They were handed over to Hugh M. Shafter at that point. In Kalamazoo County, this marked the beginning of the Underground Railroad. The Dr. Nathan M. Thomas House in Schoolcraft is a well-known station on the Underground Railroad, according to local legend.
Dr. Nathan M. Thomas is a physician who practices in the United States. Dr. Thomas’ residence in Schoolcraft was one of the most significant stations on the ‘underground railroad,’ which had multiple stops across Michigan. Routes via Schoolcraft, Battle Creek, Marshall, Jackson, and Detroit were commonly used to get to this halting place from other locations. Michigan was crossed by a number of other roads. There were seven routes that were the most often used. The routes were as follows: Toledo to Detroit; Toledo to Adrian to Detroit; St.
Nathan Thomas is a young man who lives in the United States. Dr. Thomas’ home in this neighborhood was often where the black fugitives would be rushed inside for a dinner made by Mrs. Thomas, who would arrive about daybreak on a cart in this neighborhood. Then they were brought to the attic where they would have to wait until dusk. After being fed once again, they boarded Thomas’ wagon, which was covered with straw before being taken to another’station,’ which was most likely Battle Creek in Michigan.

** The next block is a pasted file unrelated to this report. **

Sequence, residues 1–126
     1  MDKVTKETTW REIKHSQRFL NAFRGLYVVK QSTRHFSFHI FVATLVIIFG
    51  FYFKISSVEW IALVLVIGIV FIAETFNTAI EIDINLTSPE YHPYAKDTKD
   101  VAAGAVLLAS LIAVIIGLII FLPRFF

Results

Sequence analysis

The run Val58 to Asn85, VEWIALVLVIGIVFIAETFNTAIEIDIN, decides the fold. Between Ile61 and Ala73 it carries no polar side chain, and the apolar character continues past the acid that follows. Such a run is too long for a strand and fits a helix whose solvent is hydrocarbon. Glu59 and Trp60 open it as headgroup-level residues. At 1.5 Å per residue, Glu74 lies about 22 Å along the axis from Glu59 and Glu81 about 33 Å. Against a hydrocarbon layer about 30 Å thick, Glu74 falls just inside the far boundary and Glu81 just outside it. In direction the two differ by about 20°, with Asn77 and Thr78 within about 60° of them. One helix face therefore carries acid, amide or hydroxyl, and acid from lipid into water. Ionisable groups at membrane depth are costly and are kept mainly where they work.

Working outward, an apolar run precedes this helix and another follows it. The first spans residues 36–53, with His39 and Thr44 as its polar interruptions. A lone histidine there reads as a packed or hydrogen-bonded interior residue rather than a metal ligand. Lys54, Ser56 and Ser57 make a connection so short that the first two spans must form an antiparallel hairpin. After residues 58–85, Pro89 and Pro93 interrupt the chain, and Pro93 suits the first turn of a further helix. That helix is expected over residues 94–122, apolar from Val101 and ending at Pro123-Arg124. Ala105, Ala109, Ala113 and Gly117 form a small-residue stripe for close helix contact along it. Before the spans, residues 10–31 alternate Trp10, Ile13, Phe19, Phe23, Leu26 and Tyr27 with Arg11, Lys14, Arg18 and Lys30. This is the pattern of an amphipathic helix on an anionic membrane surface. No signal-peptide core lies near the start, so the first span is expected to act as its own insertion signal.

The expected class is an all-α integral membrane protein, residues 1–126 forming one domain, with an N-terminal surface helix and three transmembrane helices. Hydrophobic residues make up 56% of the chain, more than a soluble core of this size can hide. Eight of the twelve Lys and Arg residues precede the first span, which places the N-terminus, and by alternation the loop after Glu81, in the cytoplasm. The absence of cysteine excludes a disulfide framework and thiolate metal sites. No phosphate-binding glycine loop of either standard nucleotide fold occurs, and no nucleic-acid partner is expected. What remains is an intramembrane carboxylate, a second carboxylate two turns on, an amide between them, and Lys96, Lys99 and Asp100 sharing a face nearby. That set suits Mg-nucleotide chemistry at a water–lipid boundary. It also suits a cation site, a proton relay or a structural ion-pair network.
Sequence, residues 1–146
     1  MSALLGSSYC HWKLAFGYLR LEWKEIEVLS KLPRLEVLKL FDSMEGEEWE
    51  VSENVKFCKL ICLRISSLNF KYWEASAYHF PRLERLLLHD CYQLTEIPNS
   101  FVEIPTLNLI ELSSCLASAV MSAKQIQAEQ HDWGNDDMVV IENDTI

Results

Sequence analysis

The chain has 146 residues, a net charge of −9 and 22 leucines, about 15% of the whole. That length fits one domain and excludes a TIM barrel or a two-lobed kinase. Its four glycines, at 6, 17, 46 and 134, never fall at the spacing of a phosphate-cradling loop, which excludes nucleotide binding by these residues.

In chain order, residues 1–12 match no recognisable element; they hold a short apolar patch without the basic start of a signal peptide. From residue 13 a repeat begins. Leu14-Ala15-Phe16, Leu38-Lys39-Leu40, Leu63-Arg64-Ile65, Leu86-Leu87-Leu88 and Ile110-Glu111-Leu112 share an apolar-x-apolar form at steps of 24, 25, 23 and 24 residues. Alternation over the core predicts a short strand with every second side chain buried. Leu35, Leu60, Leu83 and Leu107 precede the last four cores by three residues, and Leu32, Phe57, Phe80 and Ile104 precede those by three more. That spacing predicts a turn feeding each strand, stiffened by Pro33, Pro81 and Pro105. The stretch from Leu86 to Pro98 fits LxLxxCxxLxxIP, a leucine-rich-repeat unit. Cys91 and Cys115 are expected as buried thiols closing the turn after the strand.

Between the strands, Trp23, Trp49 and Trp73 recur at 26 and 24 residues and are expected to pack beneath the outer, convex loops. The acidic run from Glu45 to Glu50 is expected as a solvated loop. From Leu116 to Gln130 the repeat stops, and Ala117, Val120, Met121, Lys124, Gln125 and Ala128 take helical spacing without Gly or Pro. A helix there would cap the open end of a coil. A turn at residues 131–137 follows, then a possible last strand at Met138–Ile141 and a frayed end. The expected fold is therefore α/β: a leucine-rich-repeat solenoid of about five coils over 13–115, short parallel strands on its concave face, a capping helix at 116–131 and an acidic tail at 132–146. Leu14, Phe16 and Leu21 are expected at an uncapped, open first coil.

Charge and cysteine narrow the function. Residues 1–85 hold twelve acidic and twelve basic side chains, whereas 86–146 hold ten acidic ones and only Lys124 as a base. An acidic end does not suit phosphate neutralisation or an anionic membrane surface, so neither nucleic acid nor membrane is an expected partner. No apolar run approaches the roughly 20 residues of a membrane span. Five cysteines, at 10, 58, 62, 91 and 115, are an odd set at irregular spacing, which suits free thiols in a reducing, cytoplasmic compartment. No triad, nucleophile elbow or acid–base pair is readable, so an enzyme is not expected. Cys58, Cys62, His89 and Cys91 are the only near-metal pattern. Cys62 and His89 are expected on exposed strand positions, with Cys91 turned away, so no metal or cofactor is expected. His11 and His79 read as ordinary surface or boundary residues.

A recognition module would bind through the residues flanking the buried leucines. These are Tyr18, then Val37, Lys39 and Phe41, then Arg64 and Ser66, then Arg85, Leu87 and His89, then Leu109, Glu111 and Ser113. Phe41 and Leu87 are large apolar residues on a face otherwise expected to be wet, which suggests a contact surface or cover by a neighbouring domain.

Once upon a time, a group of Kentuckians traveled as far as Cass County in order to look for runaways.
This group of slave hunters offered some frightening moments, such as the time a slave was concealed in the bottom of an apple box and then covered with apples. When the slave hunters searched the home and were unable to locate anyone, they ended up near the container and made remarks about how delicious the apples were. As a result, the slave hunters each stole a couple apples from the owner of the house, who conceded that they were in fact nice apples.
Notable Mention, Michigan and Beyond
Routes of the Underground Railroad, around 1848 In the ‘underground railroad’, Erastus Hussey of Battle Creek, Michigan, was a well-known figure, as was his father. He held a variety of leadership roles, including Michigan state senator, Battle Creek mayor, and Calhoun County clerk, to mention a few of his achievements. He was instrumental in the founding of the Republican Party, the nomination of Abraham Lincoln for president, and the passage of Michigan’s revolutionary Personal Liberty Bill, which granted runaway slaves the right to habeas corpus, a jury trial, and the possibility of a high court appeal in their cases.